As we began working on this book, we discussed the issue of the legal definition of “race” … He informed us that there is still no legal definition of “race”; nor, as far as we know, does it appear that the legal system feels the need for one. Thus, it appears that the most adversarial part of our complex society, the legal system, not only continues to accept the existence of “race” but also relies on the ability of the average individual to sort people into races. Our legal system treats “racial identification” as self-evident …
The courts have come to accept the commonsense definition of race, and it is this commonsense view that, as we show, best conforms to reality. A look at two recent (2000) cases is illustrative. In both Rice v. Office of Hawaiian Affairs and in Hank v. Rochester School District, neither side raised any questions about the existence of human races or the ability of the average citizen to make valid judgements as to who belongs to which race (even if the racial categories are euphemistically termed “peoples” or “populations”). No special expertise was assumed or granted in defining or recognizing race other than the everyday commonsense usage, as given in the Oxford English Dictionary, that a race is “a group of persons connected by common descent” or “a tribe, nation, or people, regarded as common stock.” The courts and the contending parties, in effect, accepted the existence of race and the ability of the ordinary person to distinguish between races based on a set of physical features.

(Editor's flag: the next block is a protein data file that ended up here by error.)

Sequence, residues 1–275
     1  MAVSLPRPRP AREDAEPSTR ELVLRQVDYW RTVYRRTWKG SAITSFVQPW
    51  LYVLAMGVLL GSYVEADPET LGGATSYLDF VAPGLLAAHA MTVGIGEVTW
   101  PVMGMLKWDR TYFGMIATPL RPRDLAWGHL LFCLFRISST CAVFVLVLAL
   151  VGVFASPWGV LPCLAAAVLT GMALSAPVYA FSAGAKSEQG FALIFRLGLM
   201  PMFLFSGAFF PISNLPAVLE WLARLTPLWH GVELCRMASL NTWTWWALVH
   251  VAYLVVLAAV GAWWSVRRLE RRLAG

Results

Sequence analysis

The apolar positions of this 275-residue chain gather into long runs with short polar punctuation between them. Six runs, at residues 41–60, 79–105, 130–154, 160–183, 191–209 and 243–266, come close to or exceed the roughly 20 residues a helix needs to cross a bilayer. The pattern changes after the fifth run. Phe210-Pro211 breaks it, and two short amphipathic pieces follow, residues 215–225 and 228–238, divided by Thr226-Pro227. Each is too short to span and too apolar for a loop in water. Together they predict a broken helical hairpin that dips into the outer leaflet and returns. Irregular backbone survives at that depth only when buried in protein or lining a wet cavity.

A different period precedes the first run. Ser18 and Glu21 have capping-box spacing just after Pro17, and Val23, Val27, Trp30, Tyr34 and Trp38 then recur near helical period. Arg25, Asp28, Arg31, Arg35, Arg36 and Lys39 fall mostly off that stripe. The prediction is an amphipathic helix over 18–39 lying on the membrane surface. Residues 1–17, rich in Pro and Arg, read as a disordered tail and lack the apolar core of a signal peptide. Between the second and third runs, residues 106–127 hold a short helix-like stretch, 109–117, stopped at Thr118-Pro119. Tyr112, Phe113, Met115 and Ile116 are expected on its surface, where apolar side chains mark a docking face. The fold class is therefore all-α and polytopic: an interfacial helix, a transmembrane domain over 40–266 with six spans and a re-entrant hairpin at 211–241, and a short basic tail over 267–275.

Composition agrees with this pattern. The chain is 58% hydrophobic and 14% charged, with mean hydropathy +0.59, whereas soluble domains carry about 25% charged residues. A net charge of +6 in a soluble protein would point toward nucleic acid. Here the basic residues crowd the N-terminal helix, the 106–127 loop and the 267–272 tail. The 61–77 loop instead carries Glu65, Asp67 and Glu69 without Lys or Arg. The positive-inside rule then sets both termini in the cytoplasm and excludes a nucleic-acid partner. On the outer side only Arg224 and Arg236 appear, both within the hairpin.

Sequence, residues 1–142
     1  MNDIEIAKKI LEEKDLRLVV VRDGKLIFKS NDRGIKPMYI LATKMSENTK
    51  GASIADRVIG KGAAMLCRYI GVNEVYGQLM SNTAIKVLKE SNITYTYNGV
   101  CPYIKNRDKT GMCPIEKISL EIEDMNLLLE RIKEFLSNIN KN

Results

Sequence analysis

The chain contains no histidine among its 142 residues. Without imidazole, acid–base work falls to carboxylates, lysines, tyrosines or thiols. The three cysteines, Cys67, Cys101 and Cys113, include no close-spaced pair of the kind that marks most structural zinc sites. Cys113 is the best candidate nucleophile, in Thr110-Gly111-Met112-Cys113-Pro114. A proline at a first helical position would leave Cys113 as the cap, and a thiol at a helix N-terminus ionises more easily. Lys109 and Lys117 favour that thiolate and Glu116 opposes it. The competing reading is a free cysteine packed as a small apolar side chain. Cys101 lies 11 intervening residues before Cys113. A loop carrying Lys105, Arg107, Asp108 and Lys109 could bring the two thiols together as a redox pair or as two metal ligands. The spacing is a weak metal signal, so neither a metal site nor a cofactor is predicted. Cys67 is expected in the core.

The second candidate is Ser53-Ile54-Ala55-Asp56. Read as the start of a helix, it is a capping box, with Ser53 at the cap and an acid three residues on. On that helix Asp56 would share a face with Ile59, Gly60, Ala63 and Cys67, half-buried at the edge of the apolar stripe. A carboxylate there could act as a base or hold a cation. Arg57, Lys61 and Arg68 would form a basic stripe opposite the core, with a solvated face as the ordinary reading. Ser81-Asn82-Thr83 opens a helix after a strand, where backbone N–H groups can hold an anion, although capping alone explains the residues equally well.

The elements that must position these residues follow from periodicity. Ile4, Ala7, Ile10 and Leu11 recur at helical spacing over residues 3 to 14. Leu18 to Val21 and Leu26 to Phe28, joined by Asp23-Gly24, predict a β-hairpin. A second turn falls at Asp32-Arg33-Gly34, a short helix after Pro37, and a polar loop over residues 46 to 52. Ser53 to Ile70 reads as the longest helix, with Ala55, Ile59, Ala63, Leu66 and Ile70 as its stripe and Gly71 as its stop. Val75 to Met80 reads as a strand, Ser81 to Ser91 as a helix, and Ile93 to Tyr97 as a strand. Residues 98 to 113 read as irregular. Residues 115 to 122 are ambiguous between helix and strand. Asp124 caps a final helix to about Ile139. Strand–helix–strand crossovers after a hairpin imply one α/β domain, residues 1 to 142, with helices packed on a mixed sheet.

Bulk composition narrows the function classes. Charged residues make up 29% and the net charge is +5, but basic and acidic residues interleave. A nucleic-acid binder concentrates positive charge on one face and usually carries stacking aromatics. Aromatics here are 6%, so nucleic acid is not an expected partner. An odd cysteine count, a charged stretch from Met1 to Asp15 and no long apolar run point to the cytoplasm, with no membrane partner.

In Rice v. Office of Hawaiian Affairs, Rice challenged the state of Hawaii since they did not allow him to vote—on the basis that he was not a native Hawaiian, and that the electoral system of Hawaii is for the benefit of Hawaiians and Hawaiians only. Everyone agreed that Rice was a Hawaiian citizen—but he did not have Hawaiian ancestry, so he could not be recognized as “Hawaiian” under state law. However, the SCOTUS overturned the ruling (that Rice should not be allowed to vote on the basis of not having Hawaiian ancestry) 7-2, citing the 15th amendment: “The right of the citizens of the United States to vote shall not be denied or abridged by the United States or any State on account of race, color, or previous condition of servitude.” Sarich and Miele (2004: 31) write “The 15th amendment is explicit—race means what the average person thinks it means—and the majority of the Supreme Court read it that way.” (Also see Hong, 2008 for an overview of the case.)